Over the week-end went to a bead show, bought some beads for projects (like I need more projects), but like I say want has nothing to do with need., so I indulged myself. Funny thing is when I got home I remembered I had purchased a bead project last year. But do you think I have found where I put that project? A blog all of its own! I’ve looked a few places but still haven’t found it, but it will turn up…maybe much later. Anyway had a good time at the Bead-Blast.; look forward to next year.

Also went to out 1st art fair of the year. Brookside annual art Fair was this week-end (http://www.brooksidekc.org/art-annual) 32 years and I bet I have been to most. It is just a fun way to spend the afternoon or evening. There is always something to see and I usually come home with something too. This year I did not get anything but the art was very inspiring and my two favorites were Gwen Bennett’s Feather Art (http://gwenfeathers.com/)…these were beautiful. And after I got home and read about her art was even more impressed. And my other favorite was Julie Powell Beading (https://www.juliepowelldesigns.com/)…I will never be this good. Two reasons: My first love is needlepoint and I just don’t have the time or patience.

But it was a beutiful week-end (no rain) and we had fun.

I left most of the attachments, bullion knots and all the beading to the very end, I didn’t want to take the chance I would catch other threads on them and either snag the thread or worse still pull the embellishment or bead out of whack.

I have several Bullion knot needles I got from needlework shop. Colonial Needle distributes them and I blogged about them a couple times (https://sudukc.wordpress.com/2015/02/08/hari-kuyo-broken-needle-celebration/ ) or (https://sudukc.wordpress.com/category/needlework-tools/needles-needlework-tools/bullion-needle/). These needles are a size 20 and so they make a pretty good sized Bullion Knot.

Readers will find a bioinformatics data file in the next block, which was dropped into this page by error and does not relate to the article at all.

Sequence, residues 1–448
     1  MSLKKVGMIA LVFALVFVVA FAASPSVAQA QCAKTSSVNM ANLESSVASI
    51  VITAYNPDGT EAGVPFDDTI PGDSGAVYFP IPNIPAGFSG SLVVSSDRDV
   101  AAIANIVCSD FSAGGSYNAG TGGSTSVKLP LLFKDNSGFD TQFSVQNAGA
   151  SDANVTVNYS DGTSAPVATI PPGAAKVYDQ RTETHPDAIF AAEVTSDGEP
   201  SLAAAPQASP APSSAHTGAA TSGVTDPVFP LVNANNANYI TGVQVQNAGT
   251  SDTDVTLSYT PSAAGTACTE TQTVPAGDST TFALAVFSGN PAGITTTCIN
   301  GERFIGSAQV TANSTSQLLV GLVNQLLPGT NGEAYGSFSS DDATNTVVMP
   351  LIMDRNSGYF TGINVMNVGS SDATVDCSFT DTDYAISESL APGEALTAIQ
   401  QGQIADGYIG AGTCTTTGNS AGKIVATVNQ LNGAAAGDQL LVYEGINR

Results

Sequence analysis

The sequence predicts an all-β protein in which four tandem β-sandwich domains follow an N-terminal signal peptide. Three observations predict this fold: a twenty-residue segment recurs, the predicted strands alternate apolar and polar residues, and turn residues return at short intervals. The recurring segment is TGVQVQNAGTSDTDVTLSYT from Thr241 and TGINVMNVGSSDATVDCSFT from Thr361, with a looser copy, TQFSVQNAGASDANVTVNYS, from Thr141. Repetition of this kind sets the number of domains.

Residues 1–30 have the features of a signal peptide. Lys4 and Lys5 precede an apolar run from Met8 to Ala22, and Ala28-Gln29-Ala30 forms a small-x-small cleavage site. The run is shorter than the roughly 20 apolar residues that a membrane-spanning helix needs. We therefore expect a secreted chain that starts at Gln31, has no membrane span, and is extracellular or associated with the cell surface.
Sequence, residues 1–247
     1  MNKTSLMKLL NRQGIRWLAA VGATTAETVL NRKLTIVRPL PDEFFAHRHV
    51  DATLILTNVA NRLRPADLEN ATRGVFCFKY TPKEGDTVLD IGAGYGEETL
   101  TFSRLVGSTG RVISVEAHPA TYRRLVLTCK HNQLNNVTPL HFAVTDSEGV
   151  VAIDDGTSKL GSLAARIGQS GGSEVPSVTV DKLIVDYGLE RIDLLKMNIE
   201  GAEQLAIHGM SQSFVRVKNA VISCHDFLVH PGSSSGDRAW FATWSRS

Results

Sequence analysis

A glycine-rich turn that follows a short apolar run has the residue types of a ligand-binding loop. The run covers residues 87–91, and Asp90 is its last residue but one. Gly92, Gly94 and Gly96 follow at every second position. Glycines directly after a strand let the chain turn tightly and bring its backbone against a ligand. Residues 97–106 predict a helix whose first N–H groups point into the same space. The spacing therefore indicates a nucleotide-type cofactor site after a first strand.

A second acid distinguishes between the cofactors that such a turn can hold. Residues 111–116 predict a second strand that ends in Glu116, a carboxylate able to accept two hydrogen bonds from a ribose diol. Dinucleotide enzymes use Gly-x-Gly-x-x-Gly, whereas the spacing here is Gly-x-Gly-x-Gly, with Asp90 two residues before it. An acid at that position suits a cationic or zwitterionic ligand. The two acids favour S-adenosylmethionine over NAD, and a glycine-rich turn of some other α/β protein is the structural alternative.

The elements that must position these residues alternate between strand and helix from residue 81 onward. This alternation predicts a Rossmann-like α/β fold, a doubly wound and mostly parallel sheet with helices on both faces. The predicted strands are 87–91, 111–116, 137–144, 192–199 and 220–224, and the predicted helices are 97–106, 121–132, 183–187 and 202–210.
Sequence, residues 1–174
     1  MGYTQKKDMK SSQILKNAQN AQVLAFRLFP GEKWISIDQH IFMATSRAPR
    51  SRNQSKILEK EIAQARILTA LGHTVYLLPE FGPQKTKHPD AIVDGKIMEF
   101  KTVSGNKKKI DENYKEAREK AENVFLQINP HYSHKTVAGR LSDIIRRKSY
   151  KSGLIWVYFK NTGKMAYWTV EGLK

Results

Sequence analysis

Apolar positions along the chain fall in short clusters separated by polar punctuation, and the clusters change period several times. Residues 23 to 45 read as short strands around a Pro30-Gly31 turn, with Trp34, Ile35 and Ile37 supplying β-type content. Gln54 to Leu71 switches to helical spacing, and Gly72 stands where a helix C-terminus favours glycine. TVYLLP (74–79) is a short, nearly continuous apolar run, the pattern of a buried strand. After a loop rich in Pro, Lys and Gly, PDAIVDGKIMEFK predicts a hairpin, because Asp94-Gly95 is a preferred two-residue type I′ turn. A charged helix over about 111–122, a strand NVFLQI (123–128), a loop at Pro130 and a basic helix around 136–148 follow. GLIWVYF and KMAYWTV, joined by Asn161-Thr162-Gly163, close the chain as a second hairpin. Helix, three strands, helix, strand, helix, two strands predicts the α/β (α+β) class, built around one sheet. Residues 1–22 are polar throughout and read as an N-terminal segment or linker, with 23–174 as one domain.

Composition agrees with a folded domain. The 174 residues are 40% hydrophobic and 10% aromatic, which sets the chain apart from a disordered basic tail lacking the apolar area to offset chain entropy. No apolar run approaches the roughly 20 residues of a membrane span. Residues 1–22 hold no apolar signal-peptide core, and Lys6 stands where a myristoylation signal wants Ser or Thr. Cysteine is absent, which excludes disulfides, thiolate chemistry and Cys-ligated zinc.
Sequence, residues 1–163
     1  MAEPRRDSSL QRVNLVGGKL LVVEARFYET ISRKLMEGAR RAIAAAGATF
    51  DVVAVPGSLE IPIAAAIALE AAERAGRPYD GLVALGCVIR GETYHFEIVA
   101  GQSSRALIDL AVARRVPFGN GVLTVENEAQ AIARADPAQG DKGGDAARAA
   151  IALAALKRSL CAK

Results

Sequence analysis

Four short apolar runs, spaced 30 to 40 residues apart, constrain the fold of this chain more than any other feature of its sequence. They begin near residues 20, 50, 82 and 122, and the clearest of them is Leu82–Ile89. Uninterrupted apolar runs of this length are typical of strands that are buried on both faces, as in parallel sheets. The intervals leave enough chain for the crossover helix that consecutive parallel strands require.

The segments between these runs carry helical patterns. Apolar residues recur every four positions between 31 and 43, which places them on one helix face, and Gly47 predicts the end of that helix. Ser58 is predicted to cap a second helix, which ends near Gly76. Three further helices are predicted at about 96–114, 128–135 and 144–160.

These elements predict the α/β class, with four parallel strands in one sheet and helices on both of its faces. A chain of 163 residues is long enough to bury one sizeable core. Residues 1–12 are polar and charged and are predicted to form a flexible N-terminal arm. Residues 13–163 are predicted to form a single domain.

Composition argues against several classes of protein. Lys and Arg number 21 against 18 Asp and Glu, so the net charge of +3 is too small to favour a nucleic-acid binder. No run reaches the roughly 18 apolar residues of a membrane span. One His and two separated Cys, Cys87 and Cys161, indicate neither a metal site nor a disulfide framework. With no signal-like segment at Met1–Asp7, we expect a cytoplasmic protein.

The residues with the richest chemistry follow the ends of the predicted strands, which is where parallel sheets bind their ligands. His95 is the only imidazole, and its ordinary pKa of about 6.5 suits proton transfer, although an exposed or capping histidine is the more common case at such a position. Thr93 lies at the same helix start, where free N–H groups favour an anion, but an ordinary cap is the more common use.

I started with the Letter “K”. I decided the Bullion Needles were too large for the curly-q on top of the pumpkin and the bird’s feet, I used a #24 Tapestry needle. I stitched the curly-q before I stitched the birds feet; it is a very long bullion and I gave it a twist or loop.  After curly-q I added the bird’s feet, more Bullion Knots that I stitched over and around the green curly-q, still using the #24 needle. I left the curly-q above the bird’s wing and the wing to apply later.

I stitched the red veins for the eyeball in Bullion knots using the long Bullion needles I stitched these into a center whole that I had enlarged with and awl (or larger Tapestry needle) to accommodate the eyeball I would attach later. Notice these veins go over the outline of the letter

Next Letter “C” and the legs of the spider. I used a #24 needle here too as I wanted the legs to be small.

And finally the Letter “I”, this had almost the whole top half of the letter unstitched. Using a Bullion needle I made a short Bullion for the top of the pumpkin at the bottom of the “I”. Then I made Bullions using the Bullion needles and made them looser than normal so they looked like curls. I made some at the top of her head too and these I made tighter so the brim of the hat could lay over them.

Then it came time to tackle the hat and flower on the Letter “I”. The hat was a padded ultra-suede applique with beading. I decided to applique the hat and only to tack the brim at the left side outside the letter and the right side on the tip also. The right side is also held in place by the flower. Next I did the ruched petals of the flowers using a flat braid thread and pulling one of the plies.  I left the hat beading and center of flower until I was finished with all the letters.